I didn't want to go back. He got mad, and said we
were all alike. I never despised my own master half
as much as I do tliat man. There is many a worse
slaveholder than my master ; but for all that I would
not be his slave."
While Benjamin was sick, he had parted with nearly
all his clothes to pay necessary expenses. But he did
not part with a little pin I fastened in his bosom when
we parted. It was the most valuable thing I owned,
and I thought none more worthy to wear it. He
had it still.
His brother furnished him with clothes, and gave
him what money he had.
They parted with moistened eyes ; and as Benjamin
turned away, he said, " Phil, I part with all my kin-
dred." And so it proved. We never heard from him
Uncle Phillip came home ; and the first words he
uttered when he entered the house were, " Mother,
Ben is free ! I have seen him in New York." She
stood looking at him with a bewildered air. " Mother,
don't you believe it ? " he said, laying his hand softly
upon her shoulder. She raised her hands, and ex-
God be praised ! Let us thank him." She
dropped on licr knees, and poured forth her heart in
prayer. Then Phillip must sit down and repeat to her
every word Benjamin had said. He told her all; only
he forbore to mention how sick and pale her darling
The Slave who Dared to Feel like a Man. ^3
looked. Why should he distress her when she could
do him no good ?
The brave old woman still toiled on, hoping to res-
cue some of her other children. After a while she
succeeded in buying Phillip. She paid eight hundred
dollars, and came home with the precious document
that secured his freedom. The happy mother and son
sat together by the old hearthstone that night, telling
how proud they were of each other, and how they
would prove to the world that they could take care of
themselves, as they had long taken care of others. We
all concluded by saying, ''
He that is willing to be a
slave, let him be a slave."
44 Incidents in the Life of a Slave Girl
THE TRIALS OP GIRLHOOD.
During the first years of my service in Dr. Flint's
family, I was accustomed to share some indulgences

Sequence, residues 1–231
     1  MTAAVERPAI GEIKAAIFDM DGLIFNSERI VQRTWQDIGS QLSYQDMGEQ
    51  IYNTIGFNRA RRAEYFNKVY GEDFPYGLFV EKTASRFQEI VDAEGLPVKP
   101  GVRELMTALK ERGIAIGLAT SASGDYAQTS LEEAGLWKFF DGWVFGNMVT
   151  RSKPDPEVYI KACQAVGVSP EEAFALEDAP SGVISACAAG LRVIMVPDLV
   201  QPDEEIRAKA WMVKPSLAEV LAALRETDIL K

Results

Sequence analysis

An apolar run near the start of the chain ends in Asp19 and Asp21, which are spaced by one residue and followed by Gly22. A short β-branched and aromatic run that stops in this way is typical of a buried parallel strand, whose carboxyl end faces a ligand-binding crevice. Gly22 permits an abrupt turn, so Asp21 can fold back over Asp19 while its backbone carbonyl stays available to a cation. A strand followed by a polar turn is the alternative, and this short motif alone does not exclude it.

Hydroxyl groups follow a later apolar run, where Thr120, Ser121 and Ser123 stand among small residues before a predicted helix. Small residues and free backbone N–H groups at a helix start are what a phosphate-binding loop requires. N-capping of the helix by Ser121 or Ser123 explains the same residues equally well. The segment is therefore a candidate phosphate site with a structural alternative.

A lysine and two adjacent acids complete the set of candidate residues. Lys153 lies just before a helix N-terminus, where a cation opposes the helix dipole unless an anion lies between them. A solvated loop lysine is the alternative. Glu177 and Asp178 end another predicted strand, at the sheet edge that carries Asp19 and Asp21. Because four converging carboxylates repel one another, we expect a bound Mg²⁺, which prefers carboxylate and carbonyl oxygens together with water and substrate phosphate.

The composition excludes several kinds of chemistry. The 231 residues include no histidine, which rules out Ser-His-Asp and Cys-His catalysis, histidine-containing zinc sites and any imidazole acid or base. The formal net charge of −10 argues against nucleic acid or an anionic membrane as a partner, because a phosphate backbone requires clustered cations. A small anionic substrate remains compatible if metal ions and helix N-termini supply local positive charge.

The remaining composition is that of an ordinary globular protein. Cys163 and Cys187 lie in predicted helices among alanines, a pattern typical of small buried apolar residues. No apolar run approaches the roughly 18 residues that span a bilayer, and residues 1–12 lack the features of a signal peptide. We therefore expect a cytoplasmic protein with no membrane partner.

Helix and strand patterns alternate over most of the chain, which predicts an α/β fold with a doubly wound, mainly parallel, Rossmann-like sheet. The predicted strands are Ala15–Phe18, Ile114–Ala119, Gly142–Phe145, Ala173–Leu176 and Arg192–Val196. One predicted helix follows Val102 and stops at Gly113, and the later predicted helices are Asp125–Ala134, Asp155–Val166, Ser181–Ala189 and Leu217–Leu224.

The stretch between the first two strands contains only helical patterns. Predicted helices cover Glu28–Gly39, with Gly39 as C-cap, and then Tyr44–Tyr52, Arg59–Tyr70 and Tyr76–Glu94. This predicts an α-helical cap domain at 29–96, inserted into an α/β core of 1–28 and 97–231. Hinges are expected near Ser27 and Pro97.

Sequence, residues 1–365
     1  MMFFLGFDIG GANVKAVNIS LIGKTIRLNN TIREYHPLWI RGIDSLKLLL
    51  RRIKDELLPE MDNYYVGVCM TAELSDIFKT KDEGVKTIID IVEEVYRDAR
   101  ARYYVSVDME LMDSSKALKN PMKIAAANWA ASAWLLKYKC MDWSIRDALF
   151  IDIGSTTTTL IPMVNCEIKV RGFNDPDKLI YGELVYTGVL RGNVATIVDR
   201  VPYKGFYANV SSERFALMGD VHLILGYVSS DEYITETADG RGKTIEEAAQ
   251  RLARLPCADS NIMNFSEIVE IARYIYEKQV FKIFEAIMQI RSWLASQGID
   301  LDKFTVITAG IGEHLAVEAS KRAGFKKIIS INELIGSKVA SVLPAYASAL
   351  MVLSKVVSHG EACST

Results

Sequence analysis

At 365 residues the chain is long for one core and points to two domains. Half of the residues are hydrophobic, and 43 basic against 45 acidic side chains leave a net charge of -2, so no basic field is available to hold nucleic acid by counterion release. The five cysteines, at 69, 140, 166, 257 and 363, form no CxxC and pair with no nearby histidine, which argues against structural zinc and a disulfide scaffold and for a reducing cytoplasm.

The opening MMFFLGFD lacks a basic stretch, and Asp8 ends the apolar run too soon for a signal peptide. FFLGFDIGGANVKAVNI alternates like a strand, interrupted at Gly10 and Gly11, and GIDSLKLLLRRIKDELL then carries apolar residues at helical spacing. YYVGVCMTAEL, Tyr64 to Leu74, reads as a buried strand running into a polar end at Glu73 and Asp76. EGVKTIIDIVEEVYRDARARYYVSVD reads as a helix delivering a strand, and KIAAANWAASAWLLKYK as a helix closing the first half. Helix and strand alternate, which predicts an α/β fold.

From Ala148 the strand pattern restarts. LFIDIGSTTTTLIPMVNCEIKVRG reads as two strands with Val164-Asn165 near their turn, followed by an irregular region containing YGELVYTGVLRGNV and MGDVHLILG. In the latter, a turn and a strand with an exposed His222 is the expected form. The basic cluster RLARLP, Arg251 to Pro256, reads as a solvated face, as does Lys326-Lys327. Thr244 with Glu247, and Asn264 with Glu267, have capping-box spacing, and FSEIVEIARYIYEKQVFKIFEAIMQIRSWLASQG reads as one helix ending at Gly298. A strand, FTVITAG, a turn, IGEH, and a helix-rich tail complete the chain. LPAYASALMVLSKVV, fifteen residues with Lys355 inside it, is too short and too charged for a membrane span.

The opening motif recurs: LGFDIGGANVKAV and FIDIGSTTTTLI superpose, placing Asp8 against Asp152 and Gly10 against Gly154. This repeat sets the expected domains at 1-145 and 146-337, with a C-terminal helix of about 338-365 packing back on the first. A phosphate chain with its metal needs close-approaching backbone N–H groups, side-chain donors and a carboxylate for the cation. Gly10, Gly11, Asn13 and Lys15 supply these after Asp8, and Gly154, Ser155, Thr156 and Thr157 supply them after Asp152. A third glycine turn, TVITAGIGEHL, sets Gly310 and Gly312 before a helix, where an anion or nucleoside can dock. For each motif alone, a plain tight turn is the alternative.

with the children of my mistress. Though this seemed
to me no more than right, I was grateful for it, and
tried to merit the kindness by the faithful discharge
of my duties. But I now entered on my fifteenth
year — a sad epoch in the life of a slave girl. My
master began to whisper foul words in my ear. Young
as I was, I could not remain ignorant of their import.
I tried to treat them with indifference or contempt.
The master's age, my extreme youth, and the fear that
his conduct would be reported to my grandmother,
made him bear this treatment for many months. He
was a crafty man, and resorted to many means to
accomplish his purposes. Sometimes he had stormy,
terrific ways, that made his victims tremble ; some-
times he assumed a gentleness that he thought must
surely subdue. Of the two, I preferred his stormy
moods, although they left me trembling. He tried his
utmost to corrupt the pure principles my grandmother
had instilled. He peopled my young mind with un-
clean images, such as only a vile monster could think
of. I turned from him with disgust and hatred. But
he was my master. I was compelled to live under the
same roof with him —where I saw a man forty years
my senior daily violating the most sacred command-
The Trials of Girlhood. 45*
ments of nature. He told me I was his property
that I must be subject to his will in all things. My
soul revolted against the mean tyranny. But Adhere
could I turn for protection ? No matter whether the
slave girl be as black as ebony or as fair as her mis-
tress. In either case, there is no shadow of law to
protect her from insult, from violence, or even from
death ; all these are inflicted by fiends who bear the
shape of men. The mistress, who ought to protect
the helpless victim, has no other feelings towards her